Appalachian Power Company plans to make transmission line upgrades along a 12-mile stretch in Lynchburg and Bedford County.
The Reusens-New London Transmission Line rebuild project would replace electric transmission structures that have existed since the 1940s, upgrading and strengthening the transmission system and increasing electric reliability. Upgrades also will bring equipment into compliance with the National Electrical Safety Code, according to a news release from APCo.
APCo’s upgrade project application must be approved by the Virginia State Corporation Commission before commencing. If approved, construction is expected to start in summer of 2022 and be completed by the end of 2023.
“We’re really working to try to increase the reliability in Central Virginia,” said APCo spokesman George Porter, based in Roanoke. “Our local group is always monitoring the reliability of our transmission lines throughout our service territory. Every year, we always have projects we have in mind that we want to look at and try to increase their reliability.”
Existing wood poles will be replaced with steel poles, according to APCo’s plans. The poles are currently made of wood approximately 80 years old, and Porter said steel should improve their durability through storms and other natural phenomena that can affect power.
The company hopes upgraded steel poles also may reduce outage times, Porter said, since outage sources can be pinpointed more precisely with technology on the steel poles instead of crews having to spend time searching out the problem on site.
The new poles will be the same height as the existing poles.
Upgrades will begin at a substation located on Old Trents Ferry Road in Lynchburg and head south for about 12 miles, crossing Boonsboro Road, U.S. 221 and U.S. 501 before ending at a substation off Thomas Jefferson Road in Bedford County.
Property owners who might be affected are invited to a virtual open house at AppalachianPower.com/Reusens-NewLondon. Also available on the site is a fact sheet and project map, with a place for citizens to reach out with questions or concerns.
APCo will mail informational packets to landowners in closest proximity to the planned construction, Porter said, those living within about a 50-foot radius of anticipated construction sites. He estimated some 250 property owners would receive mailed packets.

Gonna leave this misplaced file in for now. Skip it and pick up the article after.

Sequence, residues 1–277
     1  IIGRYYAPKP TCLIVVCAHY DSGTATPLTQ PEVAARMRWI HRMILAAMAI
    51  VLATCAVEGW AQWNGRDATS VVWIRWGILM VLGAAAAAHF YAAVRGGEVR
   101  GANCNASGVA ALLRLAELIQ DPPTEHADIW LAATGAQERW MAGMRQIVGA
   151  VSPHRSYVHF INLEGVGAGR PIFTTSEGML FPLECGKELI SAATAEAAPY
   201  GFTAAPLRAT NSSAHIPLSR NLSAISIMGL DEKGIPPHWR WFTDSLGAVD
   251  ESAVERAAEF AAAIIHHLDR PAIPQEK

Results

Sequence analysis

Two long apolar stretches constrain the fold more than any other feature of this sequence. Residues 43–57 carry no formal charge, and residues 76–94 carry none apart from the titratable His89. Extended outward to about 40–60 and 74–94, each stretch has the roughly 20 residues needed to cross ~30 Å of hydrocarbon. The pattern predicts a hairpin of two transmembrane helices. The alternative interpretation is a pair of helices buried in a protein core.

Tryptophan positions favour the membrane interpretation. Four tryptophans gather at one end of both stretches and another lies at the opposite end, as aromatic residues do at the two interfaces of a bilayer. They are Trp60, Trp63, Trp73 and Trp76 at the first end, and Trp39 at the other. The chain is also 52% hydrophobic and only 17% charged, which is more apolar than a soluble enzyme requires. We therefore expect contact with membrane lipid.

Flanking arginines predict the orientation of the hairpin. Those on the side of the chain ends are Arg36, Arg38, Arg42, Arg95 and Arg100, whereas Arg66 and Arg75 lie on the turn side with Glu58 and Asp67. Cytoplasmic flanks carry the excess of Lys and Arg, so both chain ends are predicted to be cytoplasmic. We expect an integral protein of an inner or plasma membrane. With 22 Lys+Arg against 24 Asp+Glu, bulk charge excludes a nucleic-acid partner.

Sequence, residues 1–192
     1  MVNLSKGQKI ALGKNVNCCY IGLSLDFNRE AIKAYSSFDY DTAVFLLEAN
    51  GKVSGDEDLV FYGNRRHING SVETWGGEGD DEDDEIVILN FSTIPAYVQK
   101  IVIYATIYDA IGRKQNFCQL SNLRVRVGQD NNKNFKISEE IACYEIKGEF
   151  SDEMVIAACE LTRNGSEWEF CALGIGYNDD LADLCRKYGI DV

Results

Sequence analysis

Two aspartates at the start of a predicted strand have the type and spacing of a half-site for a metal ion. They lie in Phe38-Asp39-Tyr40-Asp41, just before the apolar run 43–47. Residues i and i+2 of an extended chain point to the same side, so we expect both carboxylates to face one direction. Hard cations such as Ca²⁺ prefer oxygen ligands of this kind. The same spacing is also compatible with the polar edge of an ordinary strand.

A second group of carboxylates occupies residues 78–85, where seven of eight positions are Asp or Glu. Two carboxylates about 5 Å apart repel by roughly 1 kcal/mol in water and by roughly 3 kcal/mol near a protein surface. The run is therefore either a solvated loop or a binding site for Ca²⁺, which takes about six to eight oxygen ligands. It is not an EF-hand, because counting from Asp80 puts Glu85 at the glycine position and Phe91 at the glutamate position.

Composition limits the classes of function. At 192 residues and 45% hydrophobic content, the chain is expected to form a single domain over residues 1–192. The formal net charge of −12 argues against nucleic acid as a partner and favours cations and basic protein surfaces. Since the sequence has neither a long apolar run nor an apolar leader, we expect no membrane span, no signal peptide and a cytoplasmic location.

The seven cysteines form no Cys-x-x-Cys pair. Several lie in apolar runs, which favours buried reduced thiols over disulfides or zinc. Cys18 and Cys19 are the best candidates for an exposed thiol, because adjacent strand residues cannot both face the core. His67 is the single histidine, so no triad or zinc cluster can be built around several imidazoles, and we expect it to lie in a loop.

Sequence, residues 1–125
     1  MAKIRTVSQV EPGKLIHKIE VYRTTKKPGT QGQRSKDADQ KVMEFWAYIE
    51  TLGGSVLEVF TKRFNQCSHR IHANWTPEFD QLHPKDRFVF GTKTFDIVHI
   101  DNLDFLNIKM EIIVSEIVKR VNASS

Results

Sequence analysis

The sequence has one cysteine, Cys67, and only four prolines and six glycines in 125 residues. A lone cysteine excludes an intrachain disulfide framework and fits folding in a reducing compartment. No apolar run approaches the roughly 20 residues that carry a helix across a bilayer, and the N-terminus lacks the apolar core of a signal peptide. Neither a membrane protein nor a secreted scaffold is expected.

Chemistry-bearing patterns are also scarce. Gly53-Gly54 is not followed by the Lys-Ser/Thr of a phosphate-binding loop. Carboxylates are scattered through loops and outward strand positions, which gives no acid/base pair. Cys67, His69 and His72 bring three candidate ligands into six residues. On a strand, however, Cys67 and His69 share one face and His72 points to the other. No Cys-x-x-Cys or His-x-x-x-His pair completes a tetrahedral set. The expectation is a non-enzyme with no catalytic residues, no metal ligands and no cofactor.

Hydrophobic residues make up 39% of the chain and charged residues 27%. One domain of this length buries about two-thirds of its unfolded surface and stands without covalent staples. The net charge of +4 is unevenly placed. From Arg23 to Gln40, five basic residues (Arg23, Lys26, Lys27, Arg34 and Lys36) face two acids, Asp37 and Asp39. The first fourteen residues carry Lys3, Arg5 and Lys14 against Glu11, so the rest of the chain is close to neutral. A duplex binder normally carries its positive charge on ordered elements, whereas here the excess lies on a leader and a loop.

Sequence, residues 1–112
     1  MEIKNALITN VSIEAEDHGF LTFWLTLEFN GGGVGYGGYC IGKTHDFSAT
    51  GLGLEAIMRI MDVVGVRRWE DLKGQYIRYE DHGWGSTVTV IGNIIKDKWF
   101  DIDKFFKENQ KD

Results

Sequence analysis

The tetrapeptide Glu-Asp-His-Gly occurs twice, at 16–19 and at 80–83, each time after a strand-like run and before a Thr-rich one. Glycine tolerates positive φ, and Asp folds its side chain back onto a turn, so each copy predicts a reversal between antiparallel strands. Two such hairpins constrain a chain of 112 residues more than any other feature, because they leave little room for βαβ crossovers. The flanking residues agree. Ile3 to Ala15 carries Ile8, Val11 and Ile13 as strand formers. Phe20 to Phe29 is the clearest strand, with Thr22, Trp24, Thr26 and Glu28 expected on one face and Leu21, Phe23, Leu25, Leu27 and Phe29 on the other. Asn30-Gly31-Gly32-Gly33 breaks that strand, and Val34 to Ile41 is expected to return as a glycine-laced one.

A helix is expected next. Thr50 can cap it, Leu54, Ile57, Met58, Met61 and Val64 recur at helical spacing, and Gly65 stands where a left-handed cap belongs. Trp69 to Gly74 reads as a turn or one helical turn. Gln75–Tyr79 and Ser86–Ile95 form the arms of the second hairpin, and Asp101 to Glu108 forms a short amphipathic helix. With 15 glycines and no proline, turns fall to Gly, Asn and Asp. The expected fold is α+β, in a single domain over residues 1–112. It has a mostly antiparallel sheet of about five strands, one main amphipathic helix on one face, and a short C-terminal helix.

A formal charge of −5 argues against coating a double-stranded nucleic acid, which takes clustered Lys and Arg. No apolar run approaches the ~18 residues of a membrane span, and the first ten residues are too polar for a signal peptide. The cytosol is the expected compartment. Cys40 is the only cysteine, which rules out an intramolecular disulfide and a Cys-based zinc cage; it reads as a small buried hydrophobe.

Normally, Porter said, the power company hosts one or two open houses in person where residents can meet representatives and address questions or concerns. However, with the novel coronavirus pandemic and public health regulations to juggle, APCo had to adjust and seek an alternative way to facilitate communication.
“It’s definitely been challenging, because we take pride in our open house process,” Porter said. “With the pandemic, we’ve had to try to be more creative — as everyone has — in how we can still communicate with the public.”
He said by using the virtual open house, apps and ads, the company hopes to raise public awareness and draw customers to the project site to learn more. Porter added virtual meetings could be arranged with customers who desire a face-to-face talk addressing questions related to the project.
Bedford County administrator Robert Hiss said the county has not received comments or concerns from county residents about unreliable power but said county staff is aware and supportive of the planned project after meeting with APCo project managers. A large portion of the county is serviced by APCo, he said.
“I think any time infrastructure and such can be upgraded and improved, that’s good for our community,” Hiss said.
APCo project managers also met with the interim city manager and community development director in Lynchburg to discuss the project, Porter said.
“We are excited about the investment that AEP is making in the reliability of the power grid in the community, and also the changes they are doing to the actual structures,” said Kent White, community development director in Lynchburg.
Porter said power would not be interrupted due to construction once the anticipated project is underway. No new poles will be erected; only property owners with poles already existing on their property will see construction on their land.
APCo does not yet have a project cost estimate, Porter said. Figures should come closer to when the application is filed with the State Corporation Commission. Assuming the project is approved and proceeds, APCo customers can expect to see a small increase in their bills to the company to help cover project costs.
“We don’t have those specifics now, but it’s normally dimes, not dollars,” Porter said Tuesday.
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